La doppia ora
Why don’t they make more movies like La doppia ora in America? Oh yes: too much sex not optimized for titillation and not enough explosions. Instead we get character, story, mystery, and intrigue; who would want to watch a movie like that?
Sonia (Kseniya Rappoport) is a chambermaid in a hotel in Turin, recently arrived from Ljubljana. She fills her days listening to her coworker Margherita (Antonia Truppo) ramble on about men, and avoiding the advances of a mildly creepy long-staying businessman. That is, until one night at a speed-dating event she meets Guido (Filippo Timi) and lets him take her home.
Things start a bit rocky, but something about her charms him. Guido used to work for the police, but now he heads up security for a private estate out in the woods. He takes her there to show her — turning off the alarms so they can walk through the forest — only to be caught off-guard when two moving vans full of thieves show up to rob the place. After carting off everything that’s not bolted down, the leader threatens to rape Sonia. Guido, charges him, only to be shot. And that’s where things start to get weird.
Sonia returns to work with a scar on her brow where the bullet grazed her after passing through Guido’s body. She’s stressed and distracted; she sees Guido’s face on a security camera; she hears their song in her bathroom; her lights flicker on and off, and Guido is standing in the shadows. It doesn’t help that one of Guido’s former colleagues keeps hovering around, insinuating that she might have had something to do with the robbery. Worse yet, he gives her a photograph from Guido’s effects: Guido and Sonia embracing in front of a bridge in Buenos Aires, where she has never been and certainly never with Guido. Is she being haunted? is someone playing tricks on her? is it all in her head?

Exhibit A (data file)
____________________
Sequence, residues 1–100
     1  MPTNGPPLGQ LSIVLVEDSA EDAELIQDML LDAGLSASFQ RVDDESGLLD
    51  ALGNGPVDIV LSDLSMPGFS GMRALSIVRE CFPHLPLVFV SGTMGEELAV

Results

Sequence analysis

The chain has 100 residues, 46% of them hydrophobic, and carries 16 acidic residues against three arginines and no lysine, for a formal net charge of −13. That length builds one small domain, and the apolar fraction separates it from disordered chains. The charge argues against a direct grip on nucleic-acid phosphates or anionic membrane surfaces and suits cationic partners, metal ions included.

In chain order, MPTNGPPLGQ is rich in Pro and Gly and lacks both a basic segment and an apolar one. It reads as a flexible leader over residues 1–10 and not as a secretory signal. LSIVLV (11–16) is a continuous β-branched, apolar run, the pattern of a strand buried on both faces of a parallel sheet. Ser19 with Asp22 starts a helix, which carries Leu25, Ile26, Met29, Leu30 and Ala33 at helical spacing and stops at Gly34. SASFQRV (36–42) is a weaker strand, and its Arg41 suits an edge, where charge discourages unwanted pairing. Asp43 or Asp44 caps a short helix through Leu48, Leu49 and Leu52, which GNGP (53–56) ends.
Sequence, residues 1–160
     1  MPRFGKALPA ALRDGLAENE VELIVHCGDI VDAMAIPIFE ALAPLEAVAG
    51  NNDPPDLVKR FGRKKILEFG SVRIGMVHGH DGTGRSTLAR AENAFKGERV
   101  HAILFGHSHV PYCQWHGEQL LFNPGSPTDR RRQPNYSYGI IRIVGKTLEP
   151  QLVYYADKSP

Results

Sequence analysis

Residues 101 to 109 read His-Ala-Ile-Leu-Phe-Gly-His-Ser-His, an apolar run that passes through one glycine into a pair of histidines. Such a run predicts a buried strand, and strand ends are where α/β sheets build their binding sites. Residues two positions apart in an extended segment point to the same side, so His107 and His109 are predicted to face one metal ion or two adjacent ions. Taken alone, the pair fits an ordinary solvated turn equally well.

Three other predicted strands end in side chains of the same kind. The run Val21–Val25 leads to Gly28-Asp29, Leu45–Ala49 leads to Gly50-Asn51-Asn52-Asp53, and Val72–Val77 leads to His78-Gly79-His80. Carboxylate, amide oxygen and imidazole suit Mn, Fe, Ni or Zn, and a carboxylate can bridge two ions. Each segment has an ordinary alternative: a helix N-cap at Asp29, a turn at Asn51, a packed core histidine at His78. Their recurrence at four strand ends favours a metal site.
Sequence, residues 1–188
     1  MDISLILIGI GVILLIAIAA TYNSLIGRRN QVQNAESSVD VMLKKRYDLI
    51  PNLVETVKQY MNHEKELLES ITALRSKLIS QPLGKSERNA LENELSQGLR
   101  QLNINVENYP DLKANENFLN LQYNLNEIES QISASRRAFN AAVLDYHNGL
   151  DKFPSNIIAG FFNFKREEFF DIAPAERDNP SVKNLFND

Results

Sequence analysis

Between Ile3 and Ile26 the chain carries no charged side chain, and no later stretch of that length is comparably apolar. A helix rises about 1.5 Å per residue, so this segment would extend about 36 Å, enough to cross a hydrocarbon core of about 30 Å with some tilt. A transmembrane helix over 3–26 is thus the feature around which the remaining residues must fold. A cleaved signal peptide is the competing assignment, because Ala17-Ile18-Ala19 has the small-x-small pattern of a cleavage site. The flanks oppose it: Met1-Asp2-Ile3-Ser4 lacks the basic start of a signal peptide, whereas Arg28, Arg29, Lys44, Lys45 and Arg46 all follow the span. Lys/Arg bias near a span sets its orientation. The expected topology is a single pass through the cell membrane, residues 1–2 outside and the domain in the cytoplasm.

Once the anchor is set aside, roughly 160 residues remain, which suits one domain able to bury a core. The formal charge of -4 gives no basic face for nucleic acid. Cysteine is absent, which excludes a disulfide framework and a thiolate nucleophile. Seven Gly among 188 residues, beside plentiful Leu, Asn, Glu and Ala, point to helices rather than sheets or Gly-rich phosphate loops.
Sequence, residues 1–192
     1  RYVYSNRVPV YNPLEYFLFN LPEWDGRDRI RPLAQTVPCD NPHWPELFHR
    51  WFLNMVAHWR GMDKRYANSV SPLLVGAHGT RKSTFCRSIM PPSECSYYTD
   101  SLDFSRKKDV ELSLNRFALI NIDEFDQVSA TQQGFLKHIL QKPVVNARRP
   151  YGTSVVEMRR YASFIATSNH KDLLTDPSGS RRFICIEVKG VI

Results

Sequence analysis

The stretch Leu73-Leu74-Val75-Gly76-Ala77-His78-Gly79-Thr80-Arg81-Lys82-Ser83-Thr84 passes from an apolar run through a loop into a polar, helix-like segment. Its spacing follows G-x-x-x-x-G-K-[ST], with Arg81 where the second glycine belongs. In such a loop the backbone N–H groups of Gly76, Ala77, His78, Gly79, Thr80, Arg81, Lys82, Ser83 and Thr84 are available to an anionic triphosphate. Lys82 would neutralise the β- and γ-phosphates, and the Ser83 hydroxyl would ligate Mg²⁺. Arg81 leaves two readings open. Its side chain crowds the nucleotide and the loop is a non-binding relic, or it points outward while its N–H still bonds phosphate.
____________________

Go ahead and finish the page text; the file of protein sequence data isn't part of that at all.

First time film director Giuseppe Capotondi does a great job of building suspense through the first half of the movie, and then completely switches gears. As we learn more, we focus more on the characters and their motivations, which he handles almost as deftly. Timi is good, but Rappoport is excellent in her part, running the full emotional gamut across the course of the film. She draws the audience in, making us eager to find out just what’s going on, and what’s going to happen next once we do find out.
Worth It: yes.
Bechdel Test: pass.